As Hurricane Dorian puts much of Grand Bahama Island underwater and starts its journey along the US east coast, this seems like a good time to talk about bees and hurricanes.
What can you do as a beekeeper to help protect your apiary and bees?
Here are some tips we have gathered that may or may not help save hives during a hurricane. Ultimately, you'll need to make your own decisions and use your common sense.
Bees usually stay calm and carry on in bad weather. They huddle in their hive and lay low, waiting for the storm to pass.
If you have supplies and tools lying around, gather them up into a waterproof tub that should be stored away in your shed or another dry place off the ground.
Check your hive’s basic structural integrity and hammer it together if necessary.
Seal hive joints if they are loose, preferably with propolis as part of your hive-waterproofing plan.
Remove any large rocks or natural debris around the hives that could cause damage if it were to get airborne.
Trim trees and/or move hives away from trees so falling limbs won’t harm a beehive.
There is a debate about whether it is more important to (a) move hives away from low-lying areas / low elevations, so they don’t flood, or (b) keep hives close to the ground so high winds don’t topple them. This decision should be made by each beekeeper depending on the lay of the land and other factors.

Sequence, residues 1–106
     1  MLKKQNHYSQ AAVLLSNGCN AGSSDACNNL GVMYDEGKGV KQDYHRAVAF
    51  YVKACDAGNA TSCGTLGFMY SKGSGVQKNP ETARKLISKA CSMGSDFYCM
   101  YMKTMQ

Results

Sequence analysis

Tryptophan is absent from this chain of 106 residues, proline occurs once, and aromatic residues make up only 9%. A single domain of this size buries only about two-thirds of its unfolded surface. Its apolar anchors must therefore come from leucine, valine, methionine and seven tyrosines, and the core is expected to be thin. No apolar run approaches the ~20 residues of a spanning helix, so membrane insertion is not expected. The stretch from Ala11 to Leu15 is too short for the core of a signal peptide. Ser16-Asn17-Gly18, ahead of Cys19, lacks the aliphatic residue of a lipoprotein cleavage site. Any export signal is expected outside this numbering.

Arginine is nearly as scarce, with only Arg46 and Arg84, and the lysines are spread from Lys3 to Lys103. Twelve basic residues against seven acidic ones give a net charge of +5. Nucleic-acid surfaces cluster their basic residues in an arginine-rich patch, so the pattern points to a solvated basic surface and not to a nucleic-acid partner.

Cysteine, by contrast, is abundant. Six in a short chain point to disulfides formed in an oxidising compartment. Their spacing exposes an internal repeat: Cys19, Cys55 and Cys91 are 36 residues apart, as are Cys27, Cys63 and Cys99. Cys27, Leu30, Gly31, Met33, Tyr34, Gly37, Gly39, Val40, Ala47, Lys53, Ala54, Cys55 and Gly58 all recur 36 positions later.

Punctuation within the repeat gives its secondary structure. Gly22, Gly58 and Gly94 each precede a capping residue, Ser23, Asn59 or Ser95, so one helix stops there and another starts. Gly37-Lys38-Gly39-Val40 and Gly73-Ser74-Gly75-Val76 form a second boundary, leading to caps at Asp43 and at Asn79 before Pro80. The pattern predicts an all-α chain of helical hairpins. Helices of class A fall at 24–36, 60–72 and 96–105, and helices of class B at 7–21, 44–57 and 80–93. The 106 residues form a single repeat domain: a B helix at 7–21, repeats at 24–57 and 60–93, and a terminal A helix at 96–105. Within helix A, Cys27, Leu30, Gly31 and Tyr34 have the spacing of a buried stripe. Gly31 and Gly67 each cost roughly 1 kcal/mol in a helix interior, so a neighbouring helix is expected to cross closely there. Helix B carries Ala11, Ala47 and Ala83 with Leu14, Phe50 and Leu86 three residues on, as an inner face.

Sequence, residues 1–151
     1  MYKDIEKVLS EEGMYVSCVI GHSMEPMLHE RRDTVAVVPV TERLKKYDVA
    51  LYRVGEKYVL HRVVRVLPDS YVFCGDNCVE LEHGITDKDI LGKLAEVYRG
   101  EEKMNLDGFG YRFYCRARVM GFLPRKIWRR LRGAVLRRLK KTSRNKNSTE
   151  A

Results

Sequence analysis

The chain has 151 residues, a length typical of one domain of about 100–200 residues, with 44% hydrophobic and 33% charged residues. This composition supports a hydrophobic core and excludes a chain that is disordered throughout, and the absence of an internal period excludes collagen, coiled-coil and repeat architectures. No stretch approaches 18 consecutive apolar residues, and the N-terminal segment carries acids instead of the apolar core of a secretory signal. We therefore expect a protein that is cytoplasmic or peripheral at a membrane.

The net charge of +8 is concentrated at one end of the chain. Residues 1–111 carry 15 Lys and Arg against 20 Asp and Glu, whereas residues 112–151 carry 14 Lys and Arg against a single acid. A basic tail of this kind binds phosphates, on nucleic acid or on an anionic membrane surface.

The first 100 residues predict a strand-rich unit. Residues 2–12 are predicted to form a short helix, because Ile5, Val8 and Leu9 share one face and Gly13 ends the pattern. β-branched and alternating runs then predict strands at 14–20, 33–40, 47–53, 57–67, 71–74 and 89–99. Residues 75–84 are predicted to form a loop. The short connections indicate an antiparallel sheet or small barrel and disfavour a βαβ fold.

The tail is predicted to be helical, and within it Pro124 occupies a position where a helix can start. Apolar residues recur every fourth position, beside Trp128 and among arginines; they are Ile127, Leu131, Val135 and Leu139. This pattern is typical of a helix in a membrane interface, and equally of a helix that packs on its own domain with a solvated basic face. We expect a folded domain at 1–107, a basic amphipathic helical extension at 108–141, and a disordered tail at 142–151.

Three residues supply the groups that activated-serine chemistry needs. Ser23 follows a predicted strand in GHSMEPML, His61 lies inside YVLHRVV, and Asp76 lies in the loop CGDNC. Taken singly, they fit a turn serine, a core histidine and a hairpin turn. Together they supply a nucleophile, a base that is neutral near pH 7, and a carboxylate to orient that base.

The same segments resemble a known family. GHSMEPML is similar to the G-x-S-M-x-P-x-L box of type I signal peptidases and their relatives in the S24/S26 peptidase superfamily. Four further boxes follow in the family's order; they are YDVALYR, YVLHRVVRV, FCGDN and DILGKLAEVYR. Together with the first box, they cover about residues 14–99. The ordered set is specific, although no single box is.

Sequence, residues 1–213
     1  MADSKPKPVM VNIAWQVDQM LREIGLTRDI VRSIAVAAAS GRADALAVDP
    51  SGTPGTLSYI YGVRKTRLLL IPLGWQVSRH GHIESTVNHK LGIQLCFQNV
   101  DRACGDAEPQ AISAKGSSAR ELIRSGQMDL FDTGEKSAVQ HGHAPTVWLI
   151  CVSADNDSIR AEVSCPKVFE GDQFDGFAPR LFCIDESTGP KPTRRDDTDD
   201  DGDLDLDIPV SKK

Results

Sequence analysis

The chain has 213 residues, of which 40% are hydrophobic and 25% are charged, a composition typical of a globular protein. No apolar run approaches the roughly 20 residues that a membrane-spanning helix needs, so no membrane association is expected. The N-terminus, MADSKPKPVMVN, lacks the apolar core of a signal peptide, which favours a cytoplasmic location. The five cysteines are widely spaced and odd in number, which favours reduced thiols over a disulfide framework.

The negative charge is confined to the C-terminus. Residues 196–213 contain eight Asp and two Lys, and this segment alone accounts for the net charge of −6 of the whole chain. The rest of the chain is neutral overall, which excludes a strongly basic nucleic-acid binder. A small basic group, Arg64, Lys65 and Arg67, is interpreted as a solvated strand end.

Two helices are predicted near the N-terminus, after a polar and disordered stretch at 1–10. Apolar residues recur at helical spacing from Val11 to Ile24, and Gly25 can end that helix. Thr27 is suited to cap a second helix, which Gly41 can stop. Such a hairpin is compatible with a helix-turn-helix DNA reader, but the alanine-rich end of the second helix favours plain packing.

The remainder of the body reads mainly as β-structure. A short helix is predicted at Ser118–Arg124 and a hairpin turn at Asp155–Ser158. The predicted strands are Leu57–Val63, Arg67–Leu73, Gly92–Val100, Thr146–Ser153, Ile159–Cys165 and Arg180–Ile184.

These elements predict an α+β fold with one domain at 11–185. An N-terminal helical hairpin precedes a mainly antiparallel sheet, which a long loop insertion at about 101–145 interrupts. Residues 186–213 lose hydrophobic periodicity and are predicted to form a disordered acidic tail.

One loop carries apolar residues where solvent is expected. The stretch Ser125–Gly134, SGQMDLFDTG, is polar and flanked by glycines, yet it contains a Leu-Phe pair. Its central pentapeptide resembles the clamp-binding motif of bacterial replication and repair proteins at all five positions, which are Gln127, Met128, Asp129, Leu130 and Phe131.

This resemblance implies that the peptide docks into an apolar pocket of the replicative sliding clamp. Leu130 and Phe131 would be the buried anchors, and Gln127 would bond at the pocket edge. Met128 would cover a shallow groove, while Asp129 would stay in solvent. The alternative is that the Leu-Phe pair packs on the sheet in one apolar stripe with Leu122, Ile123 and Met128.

Stapling the hive lid to the box may help depending on your hive’s construction.
Secure the beehive to a hive stand if you have one to stabilize it against wind.
Use ratchet straps from a hardware store to secure beehives. Tie your clustered hives together with straps positioned vertically around the outsides of an entire set of beehives, as if to make them into one unit.
Fasten hives to 2’ long metal spikes anchored into the ground near your hives, then wrap a ratchet strap horizontally around the hives and attach to the bar to secure hives. This may keep colonies upright in strong winds.
Tilt hives forward a little so water won’t pool in the bottom of the hives.
Remove external hive feeders so if they get ripped off by wind it won't expose the colony to rain.
According to First Coast News, Denise DeClair is a St. Augustine beekeeper who is trying to keep her 60,000 bees safe.
She wants to elevate her beehives, so they sit higher in case of flooding. She had bees back at the time of Hurricanes Irma and Matthew, when the water rose to 34 inches. That’s way above the height of her beehives. She thinks it will be similar when Hurricane Dorian hits the coast as a Category 3 hurricane.
She is as concerned about her bees as she is about her own home and asks for any beekeepers with experience to share what they’ve learned.
If you're a beekeeper who has been through a hurricane or similar storm, please go to our Facebook page and share what you learned. We all thank you!